Research by the authors has demonstrated the effect of day/night temperature difference (Tdiff) on plant growth is as substantive as the effect of daily average temperature (DAT). Dependence of plant primary productivity on temperature cannot be assessed with fewer than two data per 24 hours. Thus, the same experimental approach was applied to time to anthesis in Delphinium cultorum Voss `Magic Fountains' and Stokesia laevis L. `White Parasols', and to survival in D. cultorum. Two hundred and seventy seedlings of D. cultorum and 72 plantlets of S. laevis were grown for 56 days in growth chambers under eighteen 12 hour day/12 hour night combinations of six day and six night temperatures (10, 15, 20, 25, 30, or 35 °C). Ninety plants of D. cultorum were harvested after 13, 34, or 56 days, and 36 plants of S. laevis after 34 or 56 days. For each event of interest (anthesis or death), one datum per plant was recorded, consisting of time elapsed when either the event occurred, or the plant was harvested, whichever came first. Each datum was paired with an indicator of whether the plant was harvested prior to the event being observed. Data were analyzed using time—to—event data analysis procedures. Several parametric distributions fitted the data equally well, and both day and night temperature had strong effects on time to anthesis and survival time. However, in contrast with biomass production, DAT was quite sufficient to account for timing of these developmental events in relation to temperature. Addition of Tdiff contributed marginally to the fit to the data, but the magnitude of the effect was considerably smaller. Within the range of temperatures likely to be encountered in cultivation, the effect was negligible.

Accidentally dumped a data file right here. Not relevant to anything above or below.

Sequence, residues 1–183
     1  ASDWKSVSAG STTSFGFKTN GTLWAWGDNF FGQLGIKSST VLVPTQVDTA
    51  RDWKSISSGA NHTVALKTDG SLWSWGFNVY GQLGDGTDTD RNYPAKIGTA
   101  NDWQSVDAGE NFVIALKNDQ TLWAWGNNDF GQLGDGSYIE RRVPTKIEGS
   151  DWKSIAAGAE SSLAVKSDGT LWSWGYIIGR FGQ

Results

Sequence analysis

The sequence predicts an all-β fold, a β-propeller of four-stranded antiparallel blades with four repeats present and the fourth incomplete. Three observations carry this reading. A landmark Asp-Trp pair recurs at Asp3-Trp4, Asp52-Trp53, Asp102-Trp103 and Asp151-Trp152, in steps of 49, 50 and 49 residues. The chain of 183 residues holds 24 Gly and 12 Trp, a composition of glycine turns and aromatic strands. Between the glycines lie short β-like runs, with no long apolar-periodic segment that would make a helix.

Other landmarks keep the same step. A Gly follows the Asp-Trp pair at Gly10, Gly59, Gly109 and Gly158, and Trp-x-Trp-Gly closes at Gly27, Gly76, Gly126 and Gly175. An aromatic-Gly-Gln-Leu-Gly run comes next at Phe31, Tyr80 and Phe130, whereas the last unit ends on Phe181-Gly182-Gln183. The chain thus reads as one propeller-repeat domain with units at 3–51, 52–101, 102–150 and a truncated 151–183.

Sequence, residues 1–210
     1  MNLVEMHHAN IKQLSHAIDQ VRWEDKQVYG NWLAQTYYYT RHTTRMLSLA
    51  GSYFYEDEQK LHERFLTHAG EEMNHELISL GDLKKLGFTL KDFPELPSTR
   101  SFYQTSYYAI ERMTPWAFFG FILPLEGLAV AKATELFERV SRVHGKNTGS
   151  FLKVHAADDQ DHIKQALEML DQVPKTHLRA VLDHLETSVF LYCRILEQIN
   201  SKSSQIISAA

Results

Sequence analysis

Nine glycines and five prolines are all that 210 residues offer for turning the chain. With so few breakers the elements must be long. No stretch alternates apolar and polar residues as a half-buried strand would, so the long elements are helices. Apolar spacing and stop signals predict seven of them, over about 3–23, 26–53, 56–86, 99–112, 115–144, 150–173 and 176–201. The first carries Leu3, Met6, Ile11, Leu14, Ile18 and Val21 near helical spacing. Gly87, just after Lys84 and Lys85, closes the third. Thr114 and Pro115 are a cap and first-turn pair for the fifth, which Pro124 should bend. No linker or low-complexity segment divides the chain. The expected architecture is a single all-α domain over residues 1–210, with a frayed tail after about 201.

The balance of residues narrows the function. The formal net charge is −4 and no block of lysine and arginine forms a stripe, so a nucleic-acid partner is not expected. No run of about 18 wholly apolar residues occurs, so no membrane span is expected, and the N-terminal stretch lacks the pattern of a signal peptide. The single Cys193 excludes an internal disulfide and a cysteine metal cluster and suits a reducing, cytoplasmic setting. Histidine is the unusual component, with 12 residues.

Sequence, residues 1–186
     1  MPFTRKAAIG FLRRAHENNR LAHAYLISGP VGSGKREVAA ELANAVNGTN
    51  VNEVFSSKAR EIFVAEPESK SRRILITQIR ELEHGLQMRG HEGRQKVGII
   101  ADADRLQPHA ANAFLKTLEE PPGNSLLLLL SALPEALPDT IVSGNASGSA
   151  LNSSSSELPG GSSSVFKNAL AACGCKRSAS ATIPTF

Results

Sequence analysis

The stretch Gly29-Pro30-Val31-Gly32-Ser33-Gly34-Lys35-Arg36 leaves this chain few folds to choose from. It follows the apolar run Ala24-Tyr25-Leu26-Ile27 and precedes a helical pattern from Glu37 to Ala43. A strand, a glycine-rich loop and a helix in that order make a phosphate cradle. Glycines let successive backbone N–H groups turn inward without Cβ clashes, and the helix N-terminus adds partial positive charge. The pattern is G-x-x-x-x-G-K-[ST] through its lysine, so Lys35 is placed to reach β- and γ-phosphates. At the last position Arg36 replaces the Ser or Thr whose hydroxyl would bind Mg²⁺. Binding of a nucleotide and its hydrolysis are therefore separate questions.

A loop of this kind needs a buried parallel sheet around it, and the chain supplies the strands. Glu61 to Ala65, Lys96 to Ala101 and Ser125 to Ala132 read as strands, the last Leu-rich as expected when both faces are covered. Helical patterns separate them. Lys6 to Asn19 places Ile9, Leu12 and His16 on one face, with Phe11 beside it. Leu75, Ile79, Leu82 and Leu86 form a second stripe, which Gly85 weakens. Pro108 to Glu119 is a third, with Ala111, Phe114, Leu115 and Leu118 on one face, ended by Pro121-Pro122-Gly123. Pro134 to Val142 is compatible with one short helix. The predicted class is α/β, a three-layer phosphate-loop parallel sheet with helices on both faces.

In 2014, the Southern Nursery Integrated Pest Management (SNIPM) Working Group published both print and electronic versions of IPM for Shrubs in Southeastern U.S. Nursery Production: Volume I. Five hundred print books (of 3000 copies) were distributed to commercial ornamental growers and extension educators in return for their participation in a follow-up survey. The survey was administered to determine the value of book contents, savings that growers realized from using the book, perceived value of the book had users been asked to pay for it, and demographic information. The survey response rate was 46.2%, with respondents from 18 states. Of 243 respondents, 194 (79.8%) had used the book. Entomology information was most used and most useful, followed by plant pathology, weed science, and cultural information. Collective savings attributed to book use totaled $408,832/year for the 194 nurseries that used the book. Applying the use rate (79.8%) identified in this survey, this represents $5.62 million in savings per year for the 3000 printed books, of which 2394 are estimated to have been used. Savings varied by the type and size of operation. Larger operations had greater savings per year. Container growers saved $44.15/acre and field growers $28.37/acre. The price that growers were willing to pay for the book also varied by operation type and size. Extension educators and growers were willing to pay an average of $41.20, with an additional $0.063/acre for container growers and $0.126/acre for field growers. Return on investment for the U.S. Department of Agriculture grant funding for the project was $187.60 per dollar of funding. This survey demonstrates that collaborative efforts can produce high-value deliverables with significant regional and/or national impact.